Back in 1984, Prince Charles of Wales described the proposed Sainsbury Wing extension of London’s National Gallery as “a monstrous carbuncle on the face of a much loved and elegant friend.” The quote has since become famous and it has come to be used to describe architecture that is a blight to its surroundings.
While using an infection like a carbuncle to describe a building can be quite harsh, the prince’s metaphor is really spot on, so to speak. After all, having a carbuncle growing on the back of your neck isn’t exactly attractive.
Anatomy of a Carbuncle
A carbuncle is a skin infection that is larger than a boil. Usually, it has one or more openings that drain pus onto the skin. The most common cause of a carbuncle infection is the Staphylococcus aureus bacteria, the same bacteria responsible for boils. Since a carbuncle is just a meaner and larger version of a boil, the formation of a carbuncle is also the same. It forms when one or more of your hair follicles get infected by the bacteria. Normally, the bacteria inhabits your skin and sometimes, the throat and nasal passages. However, when the skin gets cut or scratched, there’s a chance that the bacteria can enter through it, starting the infection. When this happens, your body sends out specialized white blood cells called neutrophils to fight the infection. Inflammation occurs and the mixture of white blood cells, dead skin cells, and bacteria form to become the pus—the aftermath of the battle.
A carbuncle is made up of several skin boils. The difference between a carbuncle and a boil is that the former causes a deeper and more severe infection than the latter. Also, carbuncles tend to develop more slowly, and heal slower as well. They are also likely to leave a scar, especially if you scratch them during the height of the infection. They are most common on the back and on the nape, and men are more likely to develop them than women. Like boils, carbuncles are contagious, and several family members may develop the infection at the same time. A carbuncle’s size can range from a pea to the size of a golf ball, depending on the severity of the infection. When touched, it can hurt.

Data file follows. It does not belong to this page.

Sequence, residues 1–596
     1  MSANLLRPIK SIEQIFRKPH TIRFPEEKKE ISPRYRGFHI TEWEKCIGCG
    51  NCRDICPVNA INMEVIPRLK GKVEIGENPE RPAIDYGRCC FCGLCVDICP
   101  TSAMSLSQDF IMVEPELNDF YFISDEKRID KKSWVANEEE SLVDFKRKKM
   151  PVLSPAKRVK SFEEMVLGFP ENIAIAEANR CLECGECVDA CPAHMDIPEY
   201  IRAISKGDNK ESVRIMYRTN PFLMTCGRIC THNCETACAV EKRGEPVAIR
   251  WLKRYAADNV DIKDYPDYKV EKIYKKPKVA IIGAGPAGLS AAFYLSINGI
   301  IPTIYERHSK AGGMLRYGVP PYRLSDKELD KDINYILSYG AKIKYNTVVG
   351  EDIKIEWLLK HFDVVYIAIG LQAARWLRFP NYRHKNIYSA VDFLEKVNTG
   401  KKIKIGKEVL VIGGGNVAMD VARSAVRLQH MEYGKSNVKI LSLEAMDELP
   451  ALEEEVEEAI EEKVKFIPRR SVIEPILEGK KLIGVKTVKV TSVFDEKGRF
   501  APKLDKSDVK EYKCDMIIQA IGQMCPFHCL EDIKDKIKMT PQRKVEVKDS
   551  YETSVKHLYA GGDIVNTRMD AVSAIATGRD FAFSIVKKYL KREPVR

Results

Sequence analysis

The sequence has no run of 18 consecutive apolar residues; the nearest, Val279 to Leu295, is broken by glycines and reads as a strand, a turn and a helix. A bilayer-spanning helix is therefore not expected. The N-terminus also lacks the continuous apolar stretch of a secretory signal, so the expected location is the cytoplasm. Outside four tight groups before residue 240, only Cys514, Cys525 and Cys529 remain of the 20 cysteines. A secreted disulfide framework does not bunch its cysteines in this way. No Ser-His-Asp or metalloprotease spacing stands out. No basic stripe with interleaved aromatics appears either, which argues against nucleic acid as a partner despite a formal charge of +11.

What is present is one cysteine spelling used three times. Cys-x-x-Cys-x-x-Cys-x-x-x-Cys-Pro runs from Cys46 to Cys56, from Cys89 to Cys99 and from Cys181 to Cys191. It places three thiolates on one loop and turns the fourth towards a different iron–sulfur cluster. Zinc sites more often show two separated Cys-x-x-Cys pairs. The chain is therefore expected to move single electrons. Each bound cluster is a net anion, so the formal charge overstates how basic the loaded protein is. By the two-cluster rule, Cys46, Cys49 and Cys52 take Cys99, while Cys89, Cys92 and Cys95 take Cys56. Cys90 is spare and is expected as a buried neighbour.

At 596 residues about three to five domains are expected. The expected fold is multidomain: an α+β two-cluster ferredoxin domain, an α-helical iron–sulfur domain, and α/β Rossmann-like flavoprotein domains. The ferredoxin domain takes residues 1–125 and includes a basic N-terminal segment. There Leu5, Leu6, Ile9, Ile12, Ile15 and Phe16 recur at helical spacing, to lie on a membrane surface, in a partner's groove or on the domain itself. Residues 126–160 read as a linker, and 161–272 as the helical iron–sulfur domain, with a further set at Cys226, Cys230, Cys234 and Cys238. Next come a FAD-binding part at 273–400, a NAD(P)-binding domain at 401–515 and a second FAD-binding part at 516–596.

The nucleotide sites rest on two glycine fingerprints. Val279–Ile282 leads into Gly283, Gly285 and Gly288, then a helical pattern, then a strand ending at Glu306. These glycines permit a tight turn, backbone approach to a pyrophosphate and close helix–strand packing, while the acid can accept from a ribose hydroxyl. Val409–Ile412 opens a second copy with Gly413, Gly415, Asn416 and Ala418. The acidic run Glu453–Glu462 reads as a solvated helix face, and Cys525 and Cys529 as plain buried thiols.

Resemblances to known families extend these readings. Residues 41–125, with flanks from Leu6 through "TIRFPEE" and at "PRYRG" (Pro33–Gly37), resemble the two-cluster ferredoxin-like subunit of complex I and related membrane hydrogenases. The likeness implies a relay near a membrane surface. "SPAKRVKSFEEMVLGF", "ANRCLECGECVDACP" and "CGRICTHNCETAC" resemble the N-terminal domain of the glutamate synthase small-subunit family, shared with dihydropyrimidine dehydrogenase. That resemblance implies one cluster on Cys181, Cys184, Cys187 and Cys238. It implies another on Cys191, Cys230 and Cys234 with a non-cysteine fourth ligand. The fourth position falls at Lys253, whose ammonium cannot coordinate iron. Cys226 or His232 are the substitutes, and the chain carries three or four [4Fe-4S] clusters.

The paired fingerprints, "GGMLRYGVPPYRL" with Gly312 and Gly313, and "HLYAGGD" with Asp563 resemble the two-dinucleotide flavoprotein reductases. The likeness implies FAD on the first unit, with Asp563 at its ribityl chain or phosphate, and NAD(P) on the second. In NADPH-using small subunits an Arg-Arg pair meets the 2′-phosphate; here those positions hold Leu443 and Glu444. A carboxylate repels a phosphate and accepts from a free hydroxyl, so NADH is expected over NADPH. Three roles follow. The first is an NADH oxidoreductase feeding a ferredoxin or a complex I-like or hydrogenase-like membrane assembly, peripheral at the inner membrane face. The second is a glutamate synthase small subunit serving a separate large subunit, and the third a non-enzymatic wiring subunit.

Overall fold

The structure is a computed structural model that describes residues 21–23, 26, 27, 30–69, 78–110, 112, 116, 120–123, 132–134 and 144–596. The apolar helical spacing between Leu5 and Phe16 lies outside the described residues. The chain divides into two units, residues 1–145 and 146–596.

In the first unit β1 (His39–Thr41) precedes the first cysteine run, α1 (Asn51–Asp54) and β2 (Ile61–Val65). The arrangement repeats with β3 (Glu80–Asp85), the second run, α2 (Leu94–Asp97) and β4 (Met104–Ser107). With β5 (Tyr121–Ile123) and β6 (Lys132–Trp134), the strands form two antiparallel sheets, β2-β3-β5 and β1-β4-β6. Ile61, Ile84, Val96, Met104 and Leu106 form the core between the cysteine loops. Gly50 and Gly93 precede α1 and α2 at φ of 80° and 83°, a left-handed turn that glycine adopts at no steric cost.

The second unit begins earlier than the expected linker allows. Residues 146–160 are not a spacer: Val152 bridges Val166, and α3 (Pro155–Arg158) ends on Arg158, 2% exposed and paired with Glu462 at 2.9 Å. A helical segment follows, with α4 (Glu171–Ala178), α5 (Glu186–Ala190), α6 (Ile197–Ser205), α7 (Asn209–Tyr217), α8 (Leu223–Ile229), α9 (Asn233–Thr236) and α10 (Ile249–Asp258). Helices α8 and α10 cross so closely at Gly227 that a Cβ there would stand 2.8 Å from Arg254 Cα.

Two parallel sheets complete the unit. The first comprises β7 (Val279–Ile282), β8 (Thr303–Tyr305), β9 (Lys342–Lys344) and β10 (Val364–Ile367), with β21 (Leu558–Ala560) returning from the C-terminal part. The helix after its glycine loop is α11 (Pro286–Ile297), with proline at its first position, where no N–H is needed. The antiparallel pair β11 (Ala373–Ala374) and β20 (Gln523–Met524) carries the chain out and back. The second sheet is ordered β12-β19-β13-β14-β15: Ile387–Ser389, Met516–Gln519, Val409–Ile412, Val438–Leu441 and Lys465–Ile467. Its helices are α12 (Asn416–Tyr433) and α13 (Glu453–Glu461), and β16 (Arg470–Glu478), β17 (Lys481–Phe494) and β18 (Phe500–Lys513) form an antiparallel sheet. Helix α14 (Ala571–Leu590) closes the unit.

Sometimes, a carbuncle can be accompanied by an onset of fever and fatigue. Such a development usually indicates that the infection is bigger than originally thought and may require medications and other medical help to heal.
Getting Rid of Carbuncles
Since carbuncles are really nothing more than boils on steroids, the same steps you will use to get rid of boils will also be applicable to treating carbuncles. Normally, however, a carbuncle will usually resolve by itself after a week or two. Here are some remedies and tips you can do to speed up the healing process and alleviate symptoms:
- Use a hot compress on the abscess. Using a hot compress over your carbuncle will lessen the pain that usually accompanies it. The compress will also draw the pus to the surface faster. When the carbuncle brings to a head and breaks, use an antibacterial soap and running water to wash away the pus. Once that’s done, cap it off with a clean medical bandage and medicated ointment. For progress, continue to wash the carbuncle two to three times a day until it fully heals.
- Keep your wounds clean. The staph bacteria causes carbuncles through a wound or break on your skin. In order to prevent carbuncles from happening, it is important that you clean all your skin wounds with antibacterial soap and running water. If you already have a carbuncle, keeping it clean through washings and dressings will prevent it from spreading to the other parts of your skin.
- Refrain from popping your carbuncle. Even though it’s tempting to do so, don’t, under any circumstances, pop your carbuncle unless it’s the doctor who does it. Forcefully breaking the abscess will result in spreading the infection further. As much as possible, contain the carbuncle. Popping the carbuncle may also result in unsightly scars after it has healed. You may also cause damage to the lower layers of your skin. It’s even more dangerous if you’ll try and use unsanitized objects such as pins or needles to do the bursting. Instead, coax the pus out naturally.
- Consult the doctor for recurring carbuncles. Recurring carbuncles are not uncommon. They are usually signs of something more serious though so have it checked by a doctor. A bacterial culture or swab is usually taken from the abscess and then analyzed. From there, the appropriate antibiotic treatment is given.
- For serious and deep carbuncles, consult a doctor. If normal methods of treating carbuncles do not work, then it’s time to have it checked by your doctor. It won’t normally be a life-threatening problem though, so you don’t need to worry. The doctor will just drain the pus out of the abscess manually by anesthetizing the area and then cutting through it using a lancet or a scalpel. If the abscess is too deep to be completely drained of pus in one sitting, he will cover the incision with a sterilized gauze and let the pus continue draining. After a few days, the gauze can be removed.
Since carbuncles are generally contagious it’s always a good idea to make sure that your family members are also not suffering from it. If your members are carriers and you don’t know it, you might end up in an endless cycle of carbuncle infection. Don’t share towels or clothing and make sure that everyone washes themselves properly, and ensure that everyone gets a bacterial culture. Carbuncles are not life-threatening but they are very unsightly. Keep your family free from its ugliness by practicing healthy living.
Click here for more information on how to get rid of carbuncles.